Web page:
'Putin's Chef' Sued 560 Times for Supplying Russian Army With Rotten Food

Yevgeny Prigozhin, a Russian businessman who earned the nickname “Putin’s chef” through his catering contracts with the Kremlin, was reportedly sued more than 500 times last year over supplying the Russian army with low-quality food.

Prigozhin, a former hot-dog seller turned billionaire restaurateur with close ties to the Russian president, was hit with 560 lawsuits in 2022 by Russia’s defense ministry for allegedly supplying the Russian army with poor-quality, rotten and infected food, the independent outlet Mozhem Obyasnit (“We can explain”) stated on its Telegram channel.

Prigozhin who founded the Wagner Group—the Russian mercenary paramilitary organization—was given the nickname after he became a restaurateur following a stint in prison. He began carrying out the catering for Kremlin banquets and has personally served Putin himself.

Businessman Yevgeny Prigozhin
Businessman Yevgeny Prigozhin shows Russian Prime Minister Vladimir Putin his school lunch factory outside Saint Petersburg on September 20, 2010. He earned the nickname “Putin’s chef” through his catering contracts with the Kremlin.
ALEXEY DRUZHININ/SPUTNIK/AFP/Getty Images

He went on to set up his restaurant and catering business, Concord Catering, which began by supplying food for school children. He later secured a contract to feed the Russian army.

According to Mozhem Obyasnit, the Russian defense ministry’s procurement arm—JSC Voentorg—filed 560 lawsuits against food suppliers associated with Prigozhin, claiming more than 107 million rubles ($1,555,780) in damages.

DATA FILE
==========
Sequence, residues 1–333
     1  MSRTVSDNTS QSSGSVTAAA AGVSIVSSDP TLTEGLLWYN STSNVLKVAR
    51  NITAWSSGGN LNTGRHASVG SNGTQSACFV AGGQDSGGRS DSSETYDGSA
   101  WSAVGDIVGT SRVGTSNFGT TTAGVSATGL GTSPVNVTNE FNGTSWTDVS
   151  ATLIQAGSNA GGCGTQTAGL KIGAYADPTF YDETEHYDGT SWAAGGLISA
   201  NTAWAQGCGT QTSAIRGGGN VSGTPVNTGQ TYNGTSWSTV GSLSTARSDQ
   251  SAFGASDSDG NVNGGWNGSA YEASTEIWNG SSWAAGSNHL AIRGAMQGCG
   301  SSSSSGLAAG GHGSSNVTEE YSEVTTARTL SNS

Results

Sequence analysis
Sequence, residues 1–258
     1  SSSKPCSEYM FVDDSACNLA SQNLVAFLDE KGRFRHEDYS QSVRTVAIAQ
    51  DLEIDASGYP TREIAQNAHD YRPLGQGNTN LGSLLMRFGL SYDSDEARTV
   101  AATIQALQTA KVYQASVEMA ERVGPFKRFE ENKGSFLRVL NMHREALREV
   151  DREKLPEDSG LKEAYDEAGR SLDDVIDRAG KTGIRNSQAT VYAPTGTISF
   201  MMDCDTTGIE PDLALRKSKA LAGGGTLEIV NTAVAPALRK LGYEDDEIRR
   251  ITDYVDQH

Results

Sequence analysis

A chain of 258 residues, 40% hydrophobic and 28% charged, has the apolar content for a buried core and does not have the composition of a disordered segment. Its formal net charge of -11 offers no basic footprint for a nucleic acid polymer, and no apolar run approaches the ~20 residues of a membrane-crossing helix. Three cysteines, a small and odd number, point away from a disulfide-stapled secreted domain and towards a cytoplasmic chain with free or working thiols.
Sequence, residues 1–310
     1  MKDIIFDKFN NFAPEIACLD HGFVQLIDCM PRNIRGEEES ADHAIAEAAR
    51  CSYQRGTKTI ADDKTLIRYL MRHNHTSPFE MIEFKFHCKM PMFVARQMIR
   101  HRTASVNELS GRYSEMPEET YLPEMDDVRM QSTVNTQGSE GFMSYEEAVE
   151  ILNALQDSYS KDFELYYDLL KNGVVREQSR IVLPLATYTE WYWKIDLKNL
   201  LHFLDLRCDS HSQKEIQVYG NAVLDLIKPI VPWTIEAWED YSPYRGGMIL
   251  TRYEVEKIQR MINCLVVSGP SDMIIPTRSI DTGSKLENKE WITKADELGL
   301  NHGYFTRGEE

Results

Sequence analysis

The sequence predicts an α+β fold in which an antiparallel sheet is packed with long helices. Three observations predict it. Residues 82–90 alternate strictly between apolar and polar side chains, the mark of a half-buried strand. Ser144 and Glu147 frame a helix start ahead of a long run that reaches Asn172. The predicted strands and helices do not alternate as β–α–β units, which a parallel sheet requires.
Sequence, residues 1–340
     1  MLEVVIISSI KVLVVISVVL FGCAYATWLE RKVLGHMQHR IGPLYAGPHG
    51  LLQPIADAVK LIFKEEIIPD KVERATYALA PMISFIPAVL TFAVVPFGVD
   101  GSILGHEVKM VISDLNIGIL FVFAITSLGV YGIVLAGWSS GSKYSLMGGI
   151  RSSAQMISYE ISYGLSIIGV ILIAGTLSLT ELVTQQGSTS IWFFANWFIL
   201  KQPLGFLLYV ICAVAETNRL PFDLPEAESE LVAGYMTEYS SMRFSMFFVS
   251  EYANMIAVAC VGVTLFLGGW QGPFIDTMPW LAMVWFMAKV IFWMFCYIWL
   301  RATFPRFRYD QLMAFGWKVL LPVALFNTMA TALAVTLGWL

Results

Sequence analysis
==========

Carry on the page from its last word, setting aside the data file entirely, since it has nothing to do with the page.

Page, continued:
Voentorg is a contractor of Russia’s defense ministry and provides catering and laundry services for the Russian army.

In the first year of Putin’s full-scale invasion of Ukraine, Prigozhin’s companies were hit with a record number of lawsuits over supplies to the Russian army, according to Mozhem Obyasnit.

Voentorg, however, claimed the most money from Prigozhin’s companies in 2020—197.1 million rubles ($2,866,283), the independent outlet found. It noted that after Putin invaded neighboring Ukraine on February 24, 2022, the number of violations increased, including due to changes in logistics, while the number of claims in courts also rose.

Companies associated with Prigozhin not only supply the food products themselves, but they also reportedly prepare and serve the food directly in the military units themselves.

According to the outlet, auditors regularly find violations, such as “undersized quantities of food, expired products, substitutions of substituted products with substitutes of other quality, E. coli detected in food, cooks without health certificates, violations in storage, and so on.”

In September 2022, Prigozhin admitted to being the mastermind behind the shadowy paramilitary unit, the Wagner Group, which was founded in 2014. The group, which provides soldiers for hire, has been leading Russian forces in offensives in eastern Ukraine.

In recent weeks, experts have noted the growing divide between Prigozhin and Putin after the former criticized Russia’s progress in the invasion of Ukraine.

Newsweek reached out to Russia’s Foreign Ministry and Concord for comment.

Do you have a tip on a world news story that Newsweek should be covering? Do you have a question about the Russia-Ukraine war? Let us know via worldnews@newsweek.com.

Read More

Post a Comment

Previous Post Next Post